“Today, keeping regional and thematic assemblies, or the PB Council itself, without having access to real budgets, without prior criteria for resource distribution so that each region or theme knows what to prioritize and has the guarantee that it will be carried out and accompanied by Cadernos de Obras e Serviços – is a mere simulacrum of participatory democracy. Worse, with the bad federal example, municipalities and states are instituting the figure of parliamentary amendments, which transform any Budget into a patchwork quilt without planning, without democracy, for pure clientelism. A real administrative disaster. We are once again a city where the Executive and Legislative branches dispense with and even deny popular participation”, laments ex-mayor Raul Pont (Brazil in Fact / Rio Grande do Sul, 25/03/2022). From participatory politics to the prince's non-politics.

Political freedom is not an end in itself, but the means capable of guaranteeing the autonomy of the governed, which translates into self-disposition, free choice of what to do and responsibility for the acts carried out. Autonomization is the foundation of freedom-participation. Democracy, as a system of government, develops from the independence of individuals in relation to the heteronomous power of external wills (figuratively, of the father, the priest and the boss). Luther and the Protestant Reformation, with Gutenberg's press, signal the birth of individual freedom – a springboard to political freedom, therefore, to democracy in the Modern Age.

The curious thing is that, currently, individual freedom has become a threatened value, with the pasteurization of the vision of reality by the communication vehicles, especially in countries with a strong concentration of cross-ownership of media. The herd effect demonstrates that individual freedom has become a fetish, manipulated by authoritarian leaders with totalitarian leanings (Hungary, Poland, India, Brazil). The political and religious currents, which most praise personal independence, are the ones that most disrespect individuals. Idiotizing, standardizing for the march of barbarism, emptying Bolsominions of thought just like the bureaucrat who trivializes evil, in the description of Hannah Arendt. Or the satanic pastor who prayed for actor Paulo Gustavo to die.

In “surveillance capitalism”, with robots and algorithms to coordinate market trends and consciences, individual freedom in a crescendo melts into thin air. From a pillar of culture in classical liberalism, it became an instrument to combat the paradigms of collective construction. This was evident during the pandemic in the behavior of denialists who, in the name of the “sacred right”, refused to comply with scientific health recommendations. More: they condemned the Federal Supreme Court (STF) for endorsing compliance with regulations.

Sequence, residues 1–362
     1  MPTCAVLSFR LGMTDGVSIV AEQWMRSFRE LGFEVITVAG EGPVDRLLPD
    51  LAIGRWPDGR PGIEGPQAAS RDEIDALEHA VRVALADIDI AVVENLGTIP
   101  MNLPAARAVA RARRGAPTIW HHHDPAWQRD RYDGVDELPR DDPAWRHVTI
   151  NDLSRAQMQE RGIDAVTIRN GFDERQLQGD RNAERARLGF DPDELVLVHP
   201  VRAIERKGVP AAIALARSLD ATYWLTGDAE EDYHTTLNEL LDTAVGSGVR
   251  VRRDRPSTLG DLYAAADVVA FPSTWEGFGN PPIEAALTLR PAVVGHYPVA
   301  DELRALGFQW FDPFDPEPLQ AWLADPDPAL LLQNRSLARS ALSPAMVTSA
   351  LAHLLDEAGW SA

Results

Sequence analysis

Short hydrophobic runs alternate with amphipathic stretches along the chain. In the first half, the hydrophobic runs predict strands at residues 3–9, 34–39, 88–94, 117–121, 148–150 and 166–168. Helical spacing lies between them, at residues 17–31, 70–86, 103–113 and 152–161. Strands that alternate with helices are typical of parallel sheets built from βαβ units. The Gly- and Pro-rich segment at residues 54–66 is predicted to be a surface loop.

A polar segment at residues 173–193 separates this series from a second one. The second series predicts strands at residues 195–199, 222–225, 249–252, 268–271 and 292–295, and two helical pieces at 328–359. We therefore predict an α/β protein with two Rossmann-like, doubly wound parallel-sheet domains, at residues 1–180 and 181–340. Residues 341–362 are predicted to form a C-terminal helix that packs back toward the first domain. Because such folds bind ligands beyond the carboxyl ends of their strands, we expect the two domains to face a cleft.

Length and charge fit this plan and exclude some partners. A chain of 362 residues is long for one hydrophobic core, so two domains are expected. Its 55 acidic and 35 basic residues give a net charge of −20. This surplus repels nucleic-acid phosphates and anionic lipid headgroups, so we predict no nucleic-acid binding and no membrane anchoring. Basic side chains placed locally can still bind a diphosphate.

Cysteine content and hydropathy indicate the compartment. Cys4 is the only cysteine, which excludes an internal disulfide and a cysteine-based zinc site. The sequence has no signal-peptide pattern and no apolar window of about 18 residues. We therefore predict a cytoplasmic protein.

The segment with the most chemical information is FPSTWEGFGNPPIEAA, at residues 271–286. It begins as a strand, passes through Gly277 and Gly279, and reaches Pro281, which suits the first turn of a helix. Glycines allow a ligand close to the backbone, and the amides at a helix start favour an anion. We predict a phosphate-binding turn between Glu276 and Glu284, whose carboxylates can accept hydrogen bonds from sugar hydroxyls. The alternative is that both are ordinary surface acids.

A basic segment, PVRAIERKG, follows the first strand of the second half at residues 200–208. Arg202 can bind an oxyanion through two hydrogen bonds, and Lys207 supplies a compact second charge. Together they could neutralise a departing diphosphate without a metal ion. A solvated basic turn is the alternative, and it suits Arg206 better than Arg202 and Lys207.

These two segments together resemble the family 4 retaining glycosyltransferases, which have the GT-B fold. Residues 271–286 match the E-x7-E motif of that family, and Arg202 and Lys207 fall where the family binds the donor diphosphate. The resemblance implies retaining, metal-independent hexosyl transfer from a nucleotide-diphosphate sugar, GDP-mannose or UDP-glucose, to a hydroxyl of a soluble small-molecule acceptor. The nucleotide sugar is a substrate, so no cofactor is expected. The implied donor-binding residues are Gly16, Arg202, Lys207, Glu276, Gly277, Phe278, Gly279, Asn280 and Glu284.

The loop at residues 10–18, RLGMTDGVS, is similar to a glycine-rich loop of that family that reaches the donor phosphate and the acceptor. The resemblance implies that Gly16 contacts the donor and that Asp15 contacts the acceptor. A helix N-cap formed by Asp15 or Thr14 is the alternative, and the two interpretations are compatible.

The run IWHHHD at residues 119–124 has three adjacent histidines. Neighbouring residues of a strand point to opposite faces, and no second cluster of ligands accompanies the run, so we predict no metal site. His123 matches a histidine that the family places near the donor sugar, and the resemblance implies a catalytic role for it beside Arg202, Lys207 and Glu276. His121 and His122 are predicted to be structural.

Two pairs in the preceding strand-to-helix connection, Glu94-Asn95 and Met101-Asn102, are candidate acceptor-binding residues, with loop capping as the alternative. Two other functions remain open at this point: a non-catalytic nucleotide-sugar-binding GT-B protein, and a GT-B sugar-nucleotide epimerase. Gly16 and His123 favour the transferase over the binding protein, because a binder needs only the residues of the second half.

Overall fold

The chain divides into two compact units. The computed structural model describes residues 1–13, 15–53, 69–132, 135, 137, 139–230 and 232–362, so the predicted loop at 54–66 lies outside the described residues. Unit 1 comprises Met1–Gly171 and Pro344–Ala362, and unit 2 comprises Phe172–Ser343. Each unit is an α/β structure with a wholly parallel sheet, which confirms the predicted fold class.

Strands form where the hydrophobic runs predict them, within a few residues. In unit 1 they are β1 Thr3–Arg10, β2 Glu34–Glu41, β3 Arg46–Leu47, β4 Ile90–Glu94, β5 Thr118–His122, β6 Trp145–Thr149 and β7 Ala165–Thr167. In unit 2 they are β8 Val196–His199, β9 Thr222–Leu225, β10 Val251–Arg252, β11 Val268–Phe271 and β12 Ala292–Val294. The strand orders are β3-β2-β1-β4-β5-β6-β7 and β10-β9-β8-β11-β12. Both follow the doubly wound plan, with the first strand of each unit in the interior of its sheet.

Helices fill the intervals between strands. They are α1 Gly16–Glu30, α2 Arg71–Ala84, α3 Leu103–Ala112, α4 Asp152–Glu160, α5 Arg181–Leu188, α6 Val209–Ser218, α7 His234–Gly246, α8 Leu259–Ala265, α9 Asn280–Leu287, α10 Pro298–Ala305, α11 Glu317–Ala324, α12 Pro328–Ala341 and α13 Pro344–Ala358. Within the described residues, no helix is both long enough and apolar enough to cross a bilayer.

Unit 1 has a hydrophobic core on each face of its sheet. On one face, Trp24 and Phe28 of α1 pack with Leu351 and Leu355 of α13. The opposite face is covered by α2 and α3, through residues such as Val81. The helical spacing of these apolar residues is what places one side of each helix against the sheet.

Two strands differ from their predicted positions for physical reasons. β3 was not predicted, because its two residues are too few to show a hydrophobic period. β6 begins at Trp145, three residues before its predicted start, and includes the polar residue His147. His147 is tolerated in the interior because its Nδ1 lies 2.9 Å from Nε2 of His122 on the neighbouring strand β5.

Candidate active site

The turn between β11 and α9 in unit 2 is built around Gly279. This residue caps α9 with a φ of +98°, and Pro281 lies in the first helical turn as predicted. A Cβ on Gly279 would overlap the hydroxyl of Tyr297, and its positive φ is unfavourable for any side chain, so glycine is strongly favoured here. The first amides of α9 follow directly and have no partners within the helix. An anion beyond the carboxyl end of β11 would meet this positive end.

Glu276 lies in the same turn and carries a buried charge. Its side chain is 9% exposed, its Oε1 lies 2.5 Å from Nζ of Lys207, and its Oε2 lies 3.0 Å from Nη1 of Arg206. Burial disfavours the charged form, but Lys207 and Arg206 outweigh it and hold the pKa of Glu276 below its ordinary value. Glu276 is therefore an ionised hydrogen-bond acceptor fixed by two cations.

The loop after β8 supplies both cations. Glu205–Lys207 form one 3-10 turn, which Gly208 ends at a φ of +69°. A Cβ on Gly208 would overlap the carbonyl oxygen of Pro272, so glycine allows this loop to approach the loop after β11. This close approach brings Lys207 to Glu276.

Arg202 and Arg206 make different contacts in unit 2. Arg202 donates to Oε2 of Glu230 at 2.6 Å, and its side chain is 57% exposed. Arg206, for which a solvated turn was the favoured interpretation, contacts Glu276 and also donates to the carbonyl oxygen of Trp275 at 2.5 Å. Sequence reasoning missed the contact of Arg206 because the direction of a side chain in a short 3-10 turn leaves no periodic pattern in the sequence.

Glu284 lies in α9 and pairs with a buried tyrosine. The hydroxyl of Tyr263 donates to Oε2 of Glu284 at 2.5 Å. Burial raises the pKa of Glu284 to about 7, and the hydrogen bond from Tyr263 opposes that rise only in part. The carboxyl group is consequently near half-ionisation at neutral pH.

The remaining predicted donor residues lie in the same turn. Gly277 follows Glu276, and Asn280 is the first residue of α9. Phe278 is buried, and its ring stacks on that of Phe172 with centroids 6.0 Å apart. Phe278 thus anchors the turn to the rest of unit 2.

With feet in the mud

Outside the scope of freedom-participation to encourage inclusive networks of procedures, with the aim of strengthening participatory democracy and improving the effective exercise of representative democracy, individual freedom is a label to justify the undermining work in essays aimed at a civilization anti-racist, anti-sexist and anti-capitalist. In this context, it configures a sterile prerogative that serves only to confirm isolationism, which excludes the majority from the list of dignity, in the interval between festive dates dedicated to manifestations of civic spirit. Participatory democracy can fill the void of rights and reframe shallow everyday life.

In the field of basic material needs, the lack of urban equipment, the updating of the slave burden still alive in the insensitivity of the autochthonous elites, social democracy proves to be a condition for the transition from the “kingdom of necessity” to the “kingdom of freedom”. , in the famous Marxian metaphor. The thing that political democracy, per se, does not resolve with the repertoire of academic concepts and theories on coalition presidentialism, governance, concertation, open society. Conservatism is content with political-representative democracy.

It is up to Drummond's “crooked angels” to face the challenges of social democracy. For such confrontation, popular participation is essential. Only with feet in the mud can the suffering of the peripheries be alleviated. In the past, Liberation Theology didn't mind getting shoes dirty. Prosperity Theology soils them. Bureaucratization pushed militancy away from places of residence.

Os Rights of Man and Citizen, since the Declaration of 1789, are inviolable faculties inherent in individuals. They did not encourage participation at the outset. They led to an abstention from the action, due to representation and legal protection. For several Anglo-Saxon political scientists, democracy does not need more than 30% of voters to show up at the polls. The paradox of democracy would be that "as a form of political and social life, it is the reign of excess, which spells the ruin of democratic government and therefore must be repressed by it". Jacques Rancière, in Hatred of Democracy (Boitempo) mocks the fallacious squaring of the circle.